That explain all mountains? It does seem helpful for the Appalachians and Urals and Alps. How about the Sierra Nevada? Assuming the young Sierra story holds water (it is argued), the range has largely risen up with plates not colliding. Seems trouble for our universal mountain-building theory. Or the ranges of the Basin and Range; why is all that going on? Sure seems distant from the plate boundary.
But then we have the Rockies about 1000km from the edge of a plate. Why are the Rockies there instead of where the plates were apparently colliding? Maybe a plate was scraping the bottom of North America. Maybe the Colorado Plateau was really strong. Maybe there was dynamic flow in the mantle. Maybe the Ancestral Rockies had set things up. How universal and parsimonious is our plates-colliding theory if we keep finding troublesome mountains?
In a weird way, earth science almost moves in the opposite direction of, say, particle physics. The physicists are looking for the one equation to rule them all; earth scientists are teasing out all the different ways Earth can do something. Parsimony in earth science is almost backwards from the way a lot of folks regard Occam’s Razor. We will hone an explanation to its bare essentials and then compare with all the examples we have. The ones it explains we can set aside. The ones it cannot we go on to investigate. There are two possibilities: our original explanation was wrong and focused on immaterial aspects, or there is more than one way to achieve some outcome. The great challenge in all this is to somehow sidestep the features that are not important while really nailing the ones that matter.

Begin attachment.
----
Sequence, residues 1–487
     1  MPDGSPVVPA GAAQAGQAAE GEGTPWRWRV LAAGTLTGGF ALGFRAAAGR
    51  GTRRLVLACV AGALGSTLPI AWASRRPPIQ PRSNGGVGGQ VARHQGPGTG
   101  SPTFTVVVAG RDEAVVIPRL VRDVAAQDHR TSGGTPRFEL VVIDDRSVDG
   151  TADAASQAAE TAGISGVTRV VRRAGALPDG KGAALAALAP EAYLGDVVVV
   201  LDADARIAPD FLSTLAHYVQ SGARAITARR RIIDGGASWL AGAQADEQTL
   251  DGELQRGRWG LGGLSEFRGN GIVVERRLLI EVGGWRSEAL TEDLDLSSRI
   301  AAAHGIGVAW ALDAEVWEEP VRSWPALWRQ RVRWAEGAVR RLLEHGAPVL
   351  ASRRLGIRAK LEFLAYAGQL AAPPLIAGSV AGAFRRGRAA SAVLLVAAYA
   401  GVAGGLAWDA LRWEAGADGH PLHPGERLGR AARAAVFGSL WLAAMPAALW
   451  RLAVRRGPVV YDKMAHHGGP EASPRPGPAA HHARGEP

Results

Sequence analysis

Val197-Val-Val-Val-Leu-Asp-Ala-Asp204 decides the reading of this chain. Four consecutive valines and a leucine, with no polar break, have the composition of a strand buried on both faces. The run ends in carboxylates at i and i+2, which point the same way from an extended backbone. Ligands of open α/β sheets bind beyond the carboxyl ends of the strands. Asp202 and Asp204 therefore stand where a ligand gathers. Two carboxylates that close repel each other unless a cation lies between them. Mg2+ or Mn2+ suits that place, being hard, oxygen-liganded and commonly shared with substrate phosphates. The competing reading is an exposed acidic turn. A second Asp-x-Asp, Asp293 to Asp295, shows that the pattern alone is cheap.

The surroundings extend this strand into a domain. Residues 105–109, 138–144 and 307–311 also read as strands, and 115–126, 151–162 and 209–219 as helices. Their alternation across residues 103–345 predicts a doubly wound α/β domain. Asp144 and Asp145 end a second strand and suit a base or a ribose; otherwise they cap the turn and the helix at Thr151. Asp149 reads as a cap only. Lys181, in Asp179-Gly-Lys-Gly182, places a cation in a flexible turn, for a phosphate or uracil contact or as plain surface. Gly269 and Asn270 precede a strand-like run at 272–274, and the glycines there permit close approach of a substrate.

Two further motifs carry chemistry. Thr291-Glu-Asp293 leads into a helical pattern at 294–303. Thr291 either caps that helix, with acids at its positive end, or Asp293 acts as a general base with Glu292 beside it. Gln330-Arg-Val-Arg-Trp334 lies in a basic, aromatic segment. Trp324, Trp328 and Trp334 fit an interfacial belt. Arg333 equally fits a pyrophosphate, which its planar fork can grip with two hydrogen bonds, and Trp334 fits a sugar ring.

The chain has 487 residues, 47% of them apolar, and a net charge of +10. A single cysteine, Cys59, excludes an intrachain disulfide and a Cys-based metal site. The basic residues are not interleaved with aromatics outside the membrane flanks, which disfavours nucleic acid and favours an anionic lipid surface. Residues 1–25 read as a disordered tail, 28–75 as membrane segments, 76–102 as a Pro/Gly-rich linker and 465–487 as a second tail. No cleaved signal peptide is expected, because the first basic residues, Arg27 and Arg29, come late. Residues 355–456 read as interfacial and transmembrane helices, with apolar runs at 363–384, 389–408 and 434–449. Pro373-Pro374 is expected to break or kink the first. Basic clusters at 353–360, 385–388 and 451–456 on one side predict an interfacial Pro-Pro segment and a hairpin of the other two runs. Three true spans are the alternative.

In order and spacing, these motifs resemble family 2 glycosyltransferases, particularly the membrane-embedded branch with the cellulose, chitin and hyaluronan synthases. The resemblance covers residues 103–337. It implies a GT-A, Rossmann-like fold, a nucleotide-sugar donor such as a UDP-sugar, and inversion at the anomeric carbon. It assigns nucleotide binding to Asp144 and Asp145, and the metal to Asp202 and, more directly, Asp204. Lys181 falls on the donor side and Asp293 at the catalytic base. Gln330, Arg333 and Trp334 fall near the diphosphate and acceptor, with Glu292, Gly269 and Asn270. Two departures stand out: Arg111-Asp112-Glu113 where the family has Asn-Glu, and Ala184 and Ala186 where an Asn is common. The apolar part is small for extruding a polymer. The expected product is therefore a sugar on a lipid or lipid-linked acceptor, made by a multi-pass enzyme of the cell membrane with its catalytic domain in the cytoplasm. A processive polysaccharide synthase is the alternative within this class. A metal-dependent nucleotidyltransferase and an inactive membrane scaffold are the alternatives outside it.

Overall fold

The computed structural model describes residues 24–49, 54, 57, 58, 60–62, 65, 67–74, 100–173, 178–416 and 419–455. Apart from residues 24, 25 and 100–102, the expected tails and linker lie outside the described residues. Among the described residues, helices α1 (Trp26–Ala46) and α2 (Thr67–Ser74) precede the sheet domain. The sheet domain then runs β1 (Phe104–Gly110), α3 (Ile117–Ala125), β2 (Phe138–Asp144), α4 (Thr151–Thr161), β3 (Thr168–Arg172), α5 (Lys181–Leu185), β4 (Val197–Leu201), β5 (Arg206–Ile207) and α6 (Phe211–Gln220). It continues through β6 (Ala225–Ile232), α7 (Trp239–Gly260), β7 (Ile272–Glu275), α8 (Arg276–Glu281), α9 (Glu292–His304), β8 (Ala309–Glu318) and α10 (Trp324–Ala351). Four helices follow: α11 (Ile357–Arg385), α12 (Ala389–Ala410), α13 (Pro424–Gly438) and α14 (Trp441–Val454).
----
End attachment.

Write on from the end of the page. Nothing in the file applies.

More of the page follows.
Consider the Rockies again. A fairly likely candidate for the same process is in South America, the Sierras Pampeanas. A paper some time ago pointed out that the geometry of these ranges (length and width) looked to be about the same as in the Rockies, and the bounding faults are reverse or thrust faults in both places. Is this then the key element that provides the insight into the origin of the Rockies? Some think so, but GG (and some others) have argued this is simply what happens when you squish an area in a continental interior with a thin cover of sedimentary rocks. Kind of like that you can’t really tell if a nail was driven by a hammer or a nailgun; the different tools can make the same outcome. GG argues that it is the source of the compressional stress that we care about and that important differences between the Sierras Pampeanas and the Rockies cannot be dismissed. Which is really right? With so few possible candidates, it is hard to tell. Occam’s Razor has little effect when your choices are so few and potential confounding features are so widespread.